I've hesitated to weigh in on the threads here because I feel like a lot of the conversations have been largely off-the-cuff, based a lot on individual experiences and without much attention to the equity issues that are well known in the areas in the research literature. I've posted here because the tone of the OP seemed open, and I thought it was a good space to challenge some of the assumptions that were laid out."

Slide deck for Carol Burris's talk on detracking at Garfield:

Friday, December 16, 2016

Director Burke withdraws his amendment to delay the split of Cascadia

Dear Cascadia Staff and Families,
At the Dec 7h School Board meeting, I introduced a potential amendment to the Student Assignment Plan directing district staff to remove the geo-split to Decatur and maintain the Cascadia cohort intact at the new site, located on the Wilson Pacific Campus.  The core values behind this amendment are steadfast for me – fiscal responsibility, long-term planning for the HCC program, and cohort stability, all within a commitment to student learning.
Since the posting of this potential amendment, I have received a wide range of feedback from families and educators.  Respondents have highlighted academic, scheduling, and safety challenges related to the current over-enrollment, concerns about students in portables, and also worries about starting up the Decatur site quickly with a high level of services, while addressing the looming potential budget deficit.  Ultimately, families and educators both share concerns about the educational experience of their students.  Feedback from stakeholders on the "best" district-wide action regarding Cascadia has been varied with no consensus.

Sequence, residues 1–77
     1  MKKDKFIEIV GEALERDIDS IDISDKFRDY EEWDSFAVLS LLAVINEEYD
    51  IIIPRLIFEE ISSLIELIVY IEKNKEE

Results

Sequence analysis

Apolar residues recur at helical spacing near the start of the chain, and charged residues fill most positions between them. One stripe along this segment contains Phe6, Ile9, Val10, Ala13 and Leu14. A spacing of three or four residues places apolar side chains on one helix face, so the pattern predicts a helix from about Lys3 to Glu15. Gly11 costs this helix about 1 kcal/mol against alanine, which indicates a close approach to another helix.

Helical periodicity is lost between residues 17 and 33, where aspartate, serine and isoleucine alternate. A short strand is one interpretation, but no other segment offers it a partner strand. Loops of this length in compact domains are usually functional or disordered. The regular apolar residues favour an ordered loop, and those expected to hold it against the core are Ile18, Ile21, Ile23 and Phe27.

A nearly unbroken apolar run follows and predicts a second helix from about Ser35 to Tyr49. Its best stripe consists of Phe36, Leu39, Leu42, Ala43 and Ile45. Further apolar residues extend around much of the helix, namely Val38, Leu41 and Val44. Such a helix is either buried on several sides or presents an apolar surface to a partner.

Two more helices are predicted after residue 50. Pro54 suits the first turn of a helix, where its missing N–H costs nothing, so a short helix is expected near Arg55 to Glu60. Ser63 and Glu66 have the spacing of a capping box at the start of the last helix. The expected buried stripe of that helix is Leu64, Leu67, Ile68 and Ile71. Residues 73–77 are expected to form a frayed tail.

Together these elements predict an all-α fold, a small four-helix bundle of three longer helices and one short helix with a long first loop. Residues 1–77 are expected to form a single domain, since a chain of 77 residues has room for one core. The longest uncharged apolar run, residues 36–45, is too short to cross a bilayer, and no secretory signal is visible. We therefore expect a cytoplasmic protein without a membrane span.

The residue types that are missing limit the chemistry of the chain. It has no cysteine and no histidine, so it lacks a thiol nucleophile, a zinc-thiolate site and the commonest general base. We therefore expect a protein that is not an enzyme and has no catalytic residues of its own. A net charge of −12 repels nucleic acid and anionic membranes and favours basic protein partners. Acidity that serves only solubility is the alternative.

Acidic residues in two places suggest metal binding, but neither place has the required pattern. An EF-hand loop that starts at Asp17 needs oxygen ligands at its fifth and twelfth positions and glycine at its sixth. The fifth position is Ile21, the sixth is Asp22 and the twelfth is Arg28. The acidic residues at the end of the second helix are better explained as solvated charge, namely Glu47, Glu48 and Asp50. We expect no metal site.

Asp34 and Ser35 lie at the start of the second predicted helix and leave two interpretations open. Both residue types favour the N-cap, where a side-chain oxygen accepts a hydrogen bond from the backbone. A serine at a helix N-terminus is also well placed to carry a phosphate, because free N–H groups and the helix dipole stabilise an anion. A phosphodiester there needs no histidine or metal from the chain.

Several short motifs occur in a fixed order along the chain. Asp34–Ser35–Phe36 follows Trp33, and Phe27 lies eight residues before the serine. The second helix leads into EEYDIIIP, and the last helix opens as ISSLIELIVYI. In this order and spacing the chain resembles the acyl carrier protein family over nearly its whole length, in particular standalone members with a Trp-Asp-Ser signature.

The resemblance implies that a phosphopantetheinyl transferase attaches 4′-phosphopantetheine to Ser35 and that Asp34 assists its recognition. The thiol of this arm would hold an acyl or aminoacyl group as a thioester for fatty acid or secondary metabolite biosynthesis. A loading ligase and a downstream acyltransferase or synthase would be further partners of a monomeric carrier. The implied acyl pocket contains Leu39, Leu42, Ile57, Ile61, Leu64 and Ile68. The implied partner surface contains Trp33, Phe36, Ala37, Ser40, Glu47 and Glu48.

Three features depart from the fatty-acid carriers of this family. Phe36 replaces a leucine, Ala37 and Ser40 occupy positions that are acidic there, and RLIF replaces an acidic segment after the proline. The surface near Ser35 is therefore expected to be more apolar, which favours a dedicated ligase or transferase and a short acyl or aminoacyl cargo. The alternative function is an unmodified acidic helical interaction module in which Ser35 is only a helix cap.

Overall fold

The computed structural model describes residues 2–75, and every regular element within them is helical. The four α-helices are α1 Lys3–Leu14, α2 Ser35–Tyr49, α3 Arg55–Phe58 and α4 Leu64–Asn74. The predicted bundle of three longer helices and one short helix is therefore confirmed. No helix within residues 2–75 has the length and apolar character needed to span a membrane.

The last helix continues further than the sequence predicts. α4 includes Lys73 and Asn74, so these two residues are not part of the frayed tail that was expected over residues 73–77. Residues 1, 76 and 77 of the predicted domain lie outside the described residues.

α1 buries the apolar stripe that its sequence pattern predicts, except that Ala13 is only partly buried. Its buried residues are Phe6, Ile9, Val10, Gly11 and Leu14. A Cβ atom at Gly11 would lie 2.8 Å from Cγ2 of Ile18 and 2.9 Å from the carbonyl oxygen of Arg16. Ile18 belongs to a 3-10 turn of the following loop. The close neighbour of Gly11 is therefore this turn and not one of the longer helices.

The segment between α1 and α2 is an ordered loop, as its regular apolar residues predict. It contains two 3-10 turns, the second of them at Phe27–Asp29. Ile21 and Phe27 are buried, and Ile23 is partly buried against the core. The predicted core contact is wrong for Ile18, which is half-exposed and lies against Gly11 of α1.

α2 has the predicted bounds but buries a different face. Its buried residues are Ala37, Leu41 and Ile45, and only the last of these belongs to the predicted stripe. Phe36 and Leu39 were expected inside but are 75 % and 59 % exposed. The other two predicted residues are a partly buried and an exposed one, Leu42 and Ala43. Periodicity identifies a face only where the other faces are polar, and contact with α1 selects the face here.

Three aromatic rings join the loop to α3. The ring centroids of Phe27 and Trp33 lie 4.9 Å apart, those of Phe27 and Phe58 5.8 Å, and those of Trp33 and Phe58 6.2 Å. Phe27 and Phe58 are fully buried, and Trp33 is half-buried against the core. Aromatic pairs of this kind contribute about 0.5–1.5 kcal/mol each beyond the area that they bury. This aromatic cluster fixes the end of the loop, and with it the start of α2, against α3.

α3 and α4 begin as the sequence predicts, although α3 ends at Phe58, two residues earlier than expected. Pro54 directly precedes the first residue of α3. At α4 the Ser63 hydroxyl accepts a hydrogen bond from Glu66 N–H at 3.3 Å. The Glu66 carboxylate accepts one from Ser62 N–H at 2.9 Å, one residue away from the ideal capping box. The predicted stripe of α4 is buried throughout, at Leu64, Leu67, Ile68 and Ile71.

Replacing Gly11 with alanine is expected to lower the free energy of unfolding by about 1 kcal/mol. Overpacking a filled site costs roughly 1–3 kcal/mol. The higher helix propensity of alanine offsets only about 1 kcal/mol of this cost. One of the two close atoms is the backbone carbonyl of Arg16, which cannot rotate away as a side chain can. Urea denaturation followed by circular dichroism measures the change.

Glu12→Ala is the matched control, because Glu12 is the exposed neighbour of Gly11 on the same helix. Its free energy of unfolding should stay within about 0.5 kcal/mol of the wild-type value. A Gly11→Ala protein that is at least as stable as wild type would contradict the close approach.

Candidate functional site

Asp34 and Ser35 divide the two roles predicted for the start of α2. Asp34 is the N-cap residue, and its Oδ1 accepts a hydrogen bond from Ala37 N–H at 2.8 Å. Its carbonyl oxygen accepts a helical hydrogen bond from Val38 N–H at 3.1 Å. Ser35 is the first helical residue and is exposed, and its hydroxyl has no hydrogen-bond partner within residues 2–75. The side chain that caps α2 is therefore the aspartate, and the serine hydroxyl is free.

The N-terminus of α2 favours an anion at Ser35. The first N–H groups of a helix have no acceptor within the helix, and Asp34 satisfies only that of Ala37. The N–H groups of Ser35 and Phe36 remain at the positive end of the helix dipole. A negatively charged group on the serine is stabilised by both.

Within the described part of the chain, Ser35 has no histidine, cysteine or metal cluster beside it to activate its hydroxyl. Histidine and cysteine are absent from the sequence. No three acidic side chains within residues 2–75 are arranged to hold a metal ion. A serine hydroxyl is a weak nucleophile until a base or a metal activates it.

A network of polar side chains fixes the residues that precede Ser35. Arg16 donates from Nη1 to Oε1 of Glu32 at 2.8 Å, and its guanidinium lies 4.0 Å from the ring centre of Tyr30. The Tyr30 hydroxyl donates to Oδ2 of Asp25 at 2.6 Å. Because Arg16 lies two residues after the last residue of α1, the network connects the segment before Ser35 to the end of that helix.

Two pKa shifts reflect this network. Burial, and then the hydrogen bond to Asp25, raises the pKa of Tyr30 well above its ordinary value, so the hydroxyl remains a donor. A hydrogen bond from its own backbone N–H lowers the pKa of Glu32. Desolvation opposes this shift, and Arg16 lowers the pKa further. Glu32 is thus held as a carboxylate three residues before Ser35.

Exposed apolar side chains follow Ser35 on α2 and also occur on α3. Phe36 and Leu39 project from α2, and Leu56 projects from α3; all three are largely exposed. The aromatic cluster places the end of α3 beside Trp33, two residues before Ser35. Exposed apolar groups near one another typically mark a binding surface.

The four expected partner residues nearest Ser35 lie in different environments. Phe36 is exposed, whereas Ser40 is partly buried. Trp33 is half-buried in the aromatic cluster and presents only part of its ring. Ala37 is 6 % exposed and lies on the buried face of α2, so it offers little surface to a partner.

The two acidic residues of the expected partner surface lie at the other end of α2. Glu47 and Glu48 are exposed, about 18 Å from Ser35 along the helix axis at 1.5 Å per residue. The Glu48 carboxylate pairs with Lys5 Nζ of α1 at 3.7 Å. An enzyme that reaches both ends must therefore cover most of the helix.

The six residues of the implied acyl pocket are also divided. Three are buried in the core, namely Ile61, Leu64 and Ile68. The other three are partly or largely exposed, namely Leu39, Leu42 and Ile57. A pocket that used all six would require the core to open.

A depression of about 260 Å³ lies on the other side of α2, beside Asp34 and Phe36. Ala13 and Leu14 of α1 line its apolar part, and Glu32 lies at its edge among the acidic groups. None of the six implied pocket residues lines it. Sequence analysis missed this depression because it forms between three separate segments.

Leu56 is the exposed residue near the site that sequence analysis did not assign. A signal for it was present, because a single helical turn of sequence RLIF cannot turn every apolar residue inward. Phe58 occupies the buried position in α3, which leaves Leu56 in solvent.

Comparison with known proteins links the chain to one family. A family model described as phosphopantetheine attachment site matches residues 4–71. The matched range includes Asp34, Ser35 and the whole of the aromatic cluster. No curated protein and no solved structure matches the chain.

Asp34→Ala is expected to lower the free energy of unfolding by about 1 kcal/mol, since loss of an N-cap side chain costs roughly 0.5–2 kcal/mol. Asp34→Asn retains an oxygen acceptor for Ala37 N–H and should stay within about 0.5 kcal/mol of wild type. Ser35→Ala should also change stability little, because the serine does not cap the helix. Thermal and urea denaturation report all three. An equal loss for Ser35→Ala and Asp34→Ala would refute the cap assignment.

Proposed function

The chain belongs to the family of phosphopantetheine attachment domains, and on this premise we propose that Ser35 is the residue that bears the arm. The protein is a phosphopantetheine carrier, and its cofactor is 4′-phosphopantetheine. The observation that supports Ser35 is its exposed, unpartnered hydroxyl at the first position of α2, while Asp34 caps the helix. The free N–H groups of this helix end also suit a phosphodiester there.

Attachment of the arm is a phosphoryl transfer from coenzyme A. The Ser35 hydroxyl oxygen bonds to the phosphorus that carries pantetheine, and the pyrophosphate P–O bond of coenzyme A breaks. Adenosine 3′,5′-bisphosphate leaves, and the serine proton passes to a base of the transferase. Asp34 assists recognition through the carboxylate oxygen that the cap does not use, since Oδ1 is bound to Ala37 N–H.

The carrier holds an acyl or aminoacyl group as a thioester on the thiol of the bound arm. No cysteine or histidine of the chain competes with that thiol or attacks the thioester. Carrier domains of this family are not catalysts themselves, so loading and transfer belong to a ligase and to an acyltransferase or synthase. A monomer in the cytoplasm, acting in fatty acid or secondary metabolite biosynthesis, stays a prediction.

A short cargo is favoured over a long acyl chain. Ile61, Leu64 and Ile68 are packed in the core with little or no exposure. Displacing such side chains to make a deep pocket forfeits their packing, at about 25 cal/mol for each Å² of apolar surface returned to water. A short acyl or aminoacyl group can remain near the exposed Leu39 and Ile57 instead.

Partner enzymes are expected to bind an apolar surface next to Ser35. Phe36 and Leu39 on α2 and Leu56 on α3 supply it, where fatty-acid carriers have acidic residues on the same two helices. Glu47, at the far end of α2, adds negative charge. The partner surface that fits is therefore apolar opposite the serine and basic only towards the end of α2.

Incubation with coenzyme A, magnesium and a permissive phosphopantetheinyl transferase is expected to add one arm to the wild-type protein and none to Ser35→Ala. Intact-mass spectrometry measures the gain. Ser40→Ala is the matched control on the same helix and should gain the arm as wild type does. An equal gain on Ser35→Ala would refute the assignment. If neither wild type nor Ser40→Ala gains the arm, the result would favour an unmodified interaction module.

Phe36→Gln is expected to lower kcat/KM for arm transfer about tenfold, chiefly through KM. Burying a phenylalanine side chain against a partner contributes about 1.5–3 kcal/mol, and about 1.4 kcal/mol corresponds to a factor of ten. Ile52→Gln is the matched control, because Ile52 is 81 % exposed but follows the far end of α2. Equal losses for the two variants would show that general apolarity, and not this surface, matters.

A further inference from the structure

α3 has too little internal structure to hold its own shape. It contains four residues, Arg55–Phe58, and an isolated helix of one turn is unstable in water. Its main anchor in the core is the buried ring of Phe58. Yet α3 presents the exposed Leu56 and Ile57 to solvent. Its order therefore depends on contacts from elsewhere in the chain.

My role as a School Board Director is to listen closely to the community, our staff, and make the best decision possible for our students and district.  At this time based on the data I have received and engagement with the community and staff, I believe the least disruptive path is to proceed with opening an additional HCC site at the Decatur building.  This will relieve pressure at the new Cascadia building and address many of the concerns I have heard from families and educators.  I am requesting that Amendment 3 to the Student Assignment Plan (SAP) be withdrawn.
I want to offer my heartfelt thanks for those who offered their feedback and time, e-mailed, and visited my community meeting.  We have a shared responsibility to nurture strong and positive learning communities and candid, respectful discourse is a critical component of that.  We have a lot more work to do at the district level, and within our buildings to minimize disruption and maximize learning for students.  I look forward to further conversations, even the difficult ones, along that journey.
Wishing you all a relaxing and enjoyable holiday,
Rick Burke